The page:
A resilient coastal wetland is naturally dynamic and responds to disturbances by maintaining the regimes defining structures and functions. Methods to monitor resilience have been difficult to develop, yet are essential to either prevent or actively navigate a regime shift. As others have reported, ecosystem behavior becomes more variable when resilience decreases and feedbacks begin to weaken. To advance the practice of conservation within protected areas, a resilience-based approach to monitoring was explored within Fathom Five National Marine Park, Canada. By means of a multivariate distance-based control chart, the variability of fish assemblages in eight coastal wetlands over an eight-year period (2005–2012) was monitored. The control chart identified occasions when variance in three of the park's wetlands deviated more than expected (i.e., acted “out of control”). To explain the exceedances. an ordination of fish assemblages was completed using principal components analysis (PCA) and redundancy analysis (RDA). Colonization by the invasive round goby (Neogobius melanostomus) and the prolonged period of low lake levels and stranding were discussed as possible explanations for the exceedances. In conclusion, the control chart and ordination methods provided valuable insight and understanding of wetland dynamics and were recommended as part of a long-term resilience-based approach to monitoring.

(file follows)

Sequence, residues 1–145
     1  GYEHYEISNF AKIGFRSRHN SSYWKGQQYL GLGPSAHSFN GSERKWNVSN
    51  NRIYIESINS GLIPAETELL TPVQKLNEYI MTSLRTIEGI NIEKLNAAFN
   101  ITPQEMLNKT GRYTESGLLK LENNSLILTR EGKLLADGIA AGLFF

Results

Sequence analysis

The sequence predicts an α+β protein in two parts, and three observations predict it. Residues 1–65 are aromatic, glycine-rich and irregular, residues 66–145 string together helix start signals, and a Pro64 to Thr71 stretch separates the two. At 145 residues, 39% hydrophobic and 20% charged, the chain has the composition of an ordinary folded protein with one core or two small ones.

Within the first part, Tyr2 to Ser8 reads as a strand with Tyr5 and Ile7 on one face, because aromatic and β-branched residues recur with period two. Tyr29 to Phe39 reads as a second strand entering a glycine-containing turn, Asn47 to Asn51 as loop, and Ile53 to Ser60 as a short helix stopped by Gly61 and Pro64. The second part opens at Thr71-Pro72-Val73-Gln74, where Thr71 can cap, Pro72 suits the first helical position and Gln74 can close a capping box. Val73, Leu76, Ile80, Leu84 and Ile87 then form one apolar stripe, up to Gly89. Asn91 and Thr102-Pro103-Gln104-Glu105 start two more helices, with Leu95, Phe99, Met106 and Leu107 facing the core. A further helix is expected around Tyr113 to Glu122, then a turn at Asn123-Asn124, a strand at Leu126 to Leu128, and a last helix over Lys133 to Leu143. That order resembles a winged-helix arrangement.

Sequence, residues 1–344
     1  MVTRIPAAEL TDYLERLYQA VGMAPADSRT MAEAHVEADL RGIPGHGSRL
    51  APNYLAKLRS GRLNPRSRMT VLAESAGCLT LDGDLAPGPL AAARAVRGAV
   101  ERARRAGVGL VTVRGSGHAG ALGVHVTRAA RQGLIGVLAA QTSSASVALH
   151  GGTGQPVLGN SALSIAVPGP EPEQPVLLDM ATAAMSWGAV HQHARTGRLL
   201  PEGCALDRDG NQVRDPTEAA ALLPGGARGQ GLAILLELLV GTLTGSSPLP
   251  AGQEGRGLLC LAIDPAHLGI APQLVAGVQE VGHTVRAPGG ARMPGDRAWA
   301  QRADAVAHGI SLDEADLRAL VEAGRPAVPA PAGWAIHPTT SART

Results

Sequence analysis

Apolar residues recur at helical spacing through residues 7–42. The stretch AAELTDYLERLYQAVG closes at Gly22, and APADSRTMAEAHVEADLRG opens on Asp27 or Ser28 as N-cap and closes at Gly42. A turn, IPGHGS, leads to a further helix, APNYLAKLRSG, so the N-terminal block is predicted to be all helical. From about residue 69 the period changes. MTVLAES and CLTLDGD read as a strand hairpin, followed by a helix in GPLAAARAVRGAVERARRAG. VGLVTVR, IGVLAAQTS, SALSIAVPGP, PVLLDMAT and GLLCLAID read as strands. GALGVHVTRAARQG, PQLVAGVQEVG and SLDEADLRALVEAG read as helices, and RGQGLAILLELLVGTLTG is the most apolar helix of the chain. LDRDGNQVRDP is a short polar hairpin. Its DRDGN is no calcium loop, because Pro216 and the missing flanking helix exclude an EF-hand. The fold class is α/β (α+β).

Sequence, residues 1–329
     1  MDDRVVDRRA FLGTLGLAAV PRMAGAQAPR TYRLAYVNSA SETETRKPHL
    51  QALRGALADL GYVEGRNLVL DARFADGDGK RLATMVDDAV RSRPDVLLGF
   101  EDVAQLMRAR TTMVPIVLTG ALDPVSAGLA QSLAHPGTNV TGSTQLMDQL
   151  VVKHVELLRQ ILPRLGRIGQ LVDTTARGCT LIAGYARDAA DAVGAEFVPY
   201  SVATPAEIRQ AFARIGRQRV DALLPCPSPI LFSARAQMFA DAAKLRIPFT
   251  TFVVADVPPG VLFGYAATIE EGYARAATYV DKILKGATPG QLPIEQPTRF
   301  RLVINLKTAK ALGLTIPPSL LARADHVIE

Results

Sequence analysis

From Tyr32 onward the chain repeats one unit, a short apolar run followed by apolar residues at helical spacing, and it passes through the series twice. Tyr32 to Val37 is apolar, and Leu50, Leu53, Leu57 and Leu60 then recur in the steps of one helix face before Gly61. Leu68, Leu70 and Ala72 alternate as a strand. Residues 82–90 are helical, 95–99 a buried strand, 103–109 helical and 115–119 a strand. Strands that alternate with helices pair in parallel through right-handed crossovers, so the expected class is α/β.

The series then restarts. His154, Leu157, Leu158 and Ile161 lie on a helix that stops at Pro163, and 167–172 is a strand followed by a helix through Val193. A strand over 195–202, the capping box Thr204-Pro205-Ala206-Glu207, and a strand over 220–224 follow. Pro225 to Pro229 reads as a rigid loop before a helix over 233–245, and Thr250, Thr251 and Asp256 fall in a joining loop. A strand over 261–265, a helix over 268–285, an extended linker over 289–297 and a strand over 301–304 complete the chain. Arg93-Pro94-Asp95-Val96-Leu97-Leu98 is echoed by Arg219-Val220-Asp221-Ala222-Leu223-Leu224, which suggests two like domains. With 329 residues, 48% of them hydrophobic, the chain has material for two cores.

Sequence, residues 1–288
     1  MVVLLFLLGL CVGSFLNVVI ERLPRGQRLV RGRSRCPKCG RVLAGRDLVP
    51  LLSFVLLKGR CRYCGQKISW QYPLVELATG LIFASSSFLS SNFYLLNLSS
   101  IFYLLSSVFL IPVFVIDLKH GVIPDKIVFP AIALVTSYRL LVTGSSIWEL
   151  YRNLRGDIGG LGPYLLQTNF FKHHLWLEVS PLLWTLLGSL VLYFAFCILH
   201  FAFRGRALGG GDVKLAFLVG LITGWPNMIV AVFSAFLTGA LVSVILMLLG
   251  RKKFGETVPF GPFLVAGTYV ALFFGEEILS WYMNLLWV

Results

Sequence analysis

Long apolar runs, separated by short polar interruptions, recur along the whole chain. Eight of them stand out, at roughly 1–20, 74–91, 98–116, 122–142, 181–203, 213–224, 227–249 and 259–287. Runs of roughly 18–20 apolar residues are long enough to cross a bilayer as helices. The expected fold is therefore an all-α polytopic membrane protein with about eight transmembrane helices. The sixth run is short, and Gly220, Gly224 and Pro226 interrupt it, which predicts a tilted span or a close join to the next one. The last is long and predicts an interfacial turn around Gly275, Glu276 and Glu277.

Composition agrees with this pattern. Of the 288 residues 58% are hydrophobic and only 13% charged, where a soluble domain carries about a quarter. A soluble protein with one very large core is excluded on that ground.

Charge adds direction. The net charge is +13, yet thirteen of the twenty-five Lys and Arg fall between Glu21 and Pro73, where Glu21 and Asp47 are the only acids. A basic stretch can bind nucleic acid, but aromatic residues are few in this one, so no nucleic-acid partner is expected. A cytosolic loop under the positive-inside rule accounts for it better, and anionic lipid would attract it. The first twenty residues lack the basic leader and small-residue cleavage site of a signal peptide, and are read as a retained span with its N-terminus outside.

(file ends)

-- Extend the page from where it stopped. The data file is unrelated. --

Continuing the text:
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Vol. 35 • No. 3